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Jordan Spieth
Jordan Spieth tees off in front of a huge Masters gallery. Picture: GETTY IMAGES

Just what Masters organisers needed to help promote their struggling little tournament, right?

Jordan Spieth and Rory McIlroy in the final third-round pairing – the classic “promoter’s dream”.

The phenom who’s just extended his record for having led the Masters alone for six consecutive rounds against the guy who needs a green jacket to complete the career grand slam.

But how it came about today was anything but from a script.

On the first Masters round since the third of 2007 when nobody bettered 70, Augusta National flexed its imposing muscle and knocked around some of the world’s greatest players.

There was talk before the 80th Masters began that the course might be produced in a manner such that last year’s 18-under winning total would be impossible.

We might never know the answer to that question in this colosseum of secrets, because the winds that have whipped across Georgia for the past two days have done the trick naturally.

Just four players -- Dustin Johnson (T8), Daniel Berger (T8), Troy Merritt (T15) and McIlroy (2) – broke par in an unwitting salute to both the course and nature that left just 20 in red numbers after 20 started the round better than par.

Spieth, as is his burgeoning custom, exploded from the blocks with birdies on the first and third. But the rarest of four-putt (from the fringe) double-bogeys on the fifth was a portent of things to come just when his lead was five and seemingly growing.

To his obvious dismay and complete shock, Spieth’s approaches to the ninth and 10th holes rolled back off the greens and he took twin bogeys as a result.

He was clearly annoyed that his group was put “on the clock” on the 11th, but all seemed well by the 15th when a two-putt birdie had him square for the day and handily clear at six under.

But after a three-putt bogey on 16 and an errant approach long to 17, the defending champ had to make a spectacular sand save from the short side of the 18th to prevent three closing bogeys and with a one-shot buffer over McIlroy.

The Northern Irishman had been two over himself for his round when he stood on the 13th tee, but his putter clearly warmed up after Amen Corner and a bomb on the 16th was his third birdie in four holes.

McIlroy, too, made a great par save after an errant drive on the 18th.

But it wasn’t until Spieth’s group – containing boom amateur Bryson DeChambeau – finished that the long-time world No.1 was booked in the last pairing.

DeChambeau, the reigning NCAA and US Amateur champion, was remarkably three under with six birdies under his belt when he stood on the last tee.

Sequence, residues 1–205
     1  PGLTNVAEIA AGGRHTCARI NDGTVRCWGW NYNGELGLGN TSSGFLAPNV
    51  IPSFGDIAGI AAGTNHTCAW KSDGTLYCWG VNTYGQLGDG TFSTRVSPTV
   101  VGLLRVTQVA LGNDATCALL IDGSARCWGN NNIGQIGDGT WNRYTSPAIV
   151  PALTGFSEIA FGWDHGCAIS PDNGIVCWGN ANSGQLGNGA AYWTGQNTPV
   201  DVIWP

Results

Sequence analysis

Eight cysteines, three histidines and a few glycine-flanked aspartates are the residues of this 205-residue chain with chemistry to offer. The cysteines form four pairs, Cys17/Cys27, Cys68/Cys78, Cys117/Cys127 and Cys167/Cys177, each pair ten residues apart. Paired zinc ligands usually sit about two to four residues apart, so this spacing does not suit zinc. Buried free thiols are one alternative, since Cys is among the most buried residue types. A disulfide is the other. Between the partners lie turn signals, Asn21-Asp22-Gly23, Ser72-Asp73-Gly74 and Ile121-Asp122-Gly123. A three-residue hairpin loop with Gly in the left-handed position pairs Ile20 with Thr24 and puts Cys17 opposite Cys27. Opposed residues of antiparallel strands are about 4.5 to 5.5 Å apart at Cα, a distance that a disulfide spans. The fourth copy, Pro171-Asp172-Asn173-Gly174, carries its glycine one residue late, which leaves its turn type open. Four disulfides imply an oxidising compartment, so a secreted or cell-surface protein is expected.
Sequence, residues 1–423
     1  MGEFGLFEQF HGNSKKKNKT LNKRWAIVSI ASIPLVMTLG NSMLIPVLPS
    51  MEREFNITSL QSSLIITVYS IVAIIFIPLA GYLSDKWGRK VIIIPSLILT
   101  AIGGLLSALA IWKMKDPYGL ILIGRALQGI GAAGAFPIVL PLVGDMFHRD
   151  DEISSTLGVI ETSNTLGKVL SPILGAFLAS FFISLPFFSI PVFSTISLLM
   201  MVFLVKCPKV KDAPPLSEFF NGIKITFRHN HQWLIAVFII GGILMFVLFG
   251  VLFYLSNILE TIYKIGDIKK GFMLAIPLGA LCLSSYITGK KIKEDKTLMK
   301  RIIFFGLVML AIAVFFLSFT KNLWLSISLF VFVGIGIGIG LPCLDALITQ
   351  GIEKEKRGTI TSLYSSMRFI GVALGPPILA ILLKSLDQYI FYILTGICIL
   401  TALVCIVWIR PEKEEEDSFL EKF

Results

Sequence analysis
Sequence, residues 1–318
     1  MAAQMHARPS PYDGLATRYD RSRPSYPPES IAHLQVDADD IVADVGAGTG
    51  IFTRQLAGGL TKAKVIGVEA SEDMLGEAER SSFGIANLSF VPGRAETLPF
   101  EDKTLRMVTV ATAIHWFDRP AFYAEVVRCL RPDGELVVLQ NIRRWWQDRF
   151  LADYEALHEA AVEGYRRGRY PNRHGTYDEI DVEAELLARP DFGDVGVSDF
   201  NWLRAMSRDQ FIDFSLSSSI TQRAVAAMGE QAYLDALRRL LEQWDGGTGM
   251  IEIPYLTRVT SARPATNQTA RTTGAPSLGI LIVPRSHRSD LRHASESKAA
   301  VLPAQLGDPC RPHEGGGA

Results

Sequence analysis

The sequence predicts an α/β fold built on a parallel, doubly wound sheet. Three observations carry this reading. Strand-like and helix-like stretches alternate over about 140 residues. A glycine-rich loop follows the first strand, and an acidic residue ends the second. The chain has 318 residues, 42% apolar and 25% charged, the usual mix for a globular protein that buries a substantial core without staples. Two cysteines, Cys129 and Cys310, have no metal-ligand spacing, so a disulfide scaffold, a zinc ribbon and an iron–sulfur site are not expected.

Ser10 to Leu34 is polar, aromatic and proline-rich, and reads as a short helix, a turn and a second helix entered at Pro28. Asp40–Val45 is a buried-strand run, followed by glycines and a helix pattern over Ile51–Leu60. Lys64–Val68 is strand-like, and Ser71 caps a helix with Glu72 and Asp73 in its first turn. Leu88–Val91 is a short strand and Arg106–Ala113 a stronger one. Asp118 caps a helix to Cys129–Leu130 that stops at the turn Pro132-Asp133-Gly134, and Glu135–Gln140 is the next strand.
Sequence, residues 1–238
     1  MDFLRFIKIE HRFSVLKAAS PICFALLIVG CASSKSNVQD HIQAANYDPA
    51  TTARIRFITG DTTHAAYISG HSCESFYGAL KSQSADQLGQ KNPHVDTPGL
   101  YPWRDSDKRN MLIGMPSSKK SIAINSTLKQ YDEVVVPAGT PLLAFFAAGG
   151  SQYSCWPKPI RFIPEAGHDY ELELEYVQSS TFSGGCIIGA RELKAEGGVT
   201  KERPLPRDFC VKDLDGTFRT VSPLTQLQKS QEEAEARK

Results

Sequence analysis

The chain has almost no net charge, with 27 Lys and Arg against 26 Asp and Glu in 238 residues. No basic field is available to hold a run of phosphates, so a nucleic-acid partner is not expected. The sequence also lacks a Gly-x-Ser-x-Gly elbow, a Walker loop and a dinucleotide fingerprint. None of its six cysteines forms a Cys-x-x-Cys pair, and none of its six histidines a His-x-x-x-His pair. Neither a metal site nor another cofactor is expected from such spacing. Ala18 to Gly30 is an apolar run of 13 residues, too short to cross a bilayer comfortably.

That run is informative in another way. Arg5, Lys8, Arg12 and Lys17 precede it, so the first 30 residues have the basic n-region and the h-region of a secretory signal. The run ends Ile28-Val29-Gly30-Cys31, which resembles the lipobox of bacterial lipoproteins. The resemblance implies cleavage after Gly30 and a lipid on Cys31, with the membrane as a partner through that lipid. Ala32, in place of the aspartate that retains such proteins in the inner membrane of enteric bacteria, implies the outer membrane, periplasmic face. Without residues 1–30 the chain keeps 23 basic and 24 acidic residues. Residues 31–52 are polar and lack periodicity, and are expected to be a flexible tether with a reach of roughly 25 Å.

A drive he declared unplayable in a holly bush was followed an even bigger hook that “got lucky” for him to drop clear of the timber, but only into a position from which he took a triple-bogey seven to finish square for the second straight day.

It highlighted the speed with which things can – and did – change around Augusta National when she has her game face on.

While Aussies Jason Day, Cam Smith and Adam Scott were beneficiaries of the late dramas as they charged closer to the lead, there were others who were caught in the maelstrom.

Zach Johnson took an eight on the 13th, including a post-round two-stroke penalty for just flicking the water on his backswing for a shot from the creek – inside the hazard lines – in front of the green and missed the six-over cut by that margin.

Marc Leishman closed with two bogeys to miss the cut by a shot, but the most dramatic collapse was that of his playing partner and triple champion Phil Mickelson.

The left-hander had been one under through the tough opening six holes before taking a double-bogey “from nowhere” on the seventh. He then three-putted from 1.2m on the eighth and had a third straight blemish on the ninth.

A bogey on 11 was seemingly forgotten by the 15th when he was still four over and well inside the cut line. But a drowned third was followed by another chip and two more putts for a second double.

Amazingly, he then carved his tee shot into the water left of the 16th with the pin placed far right and ultimately took a third double en route to a 79 and his worst Masters score in 90 career rounds to miss by a shot.

Yep, it was just that sort of day.

The weather is again tipped to be on the rugged side for the third round – and that’s about where a wise person would leave the predictions.




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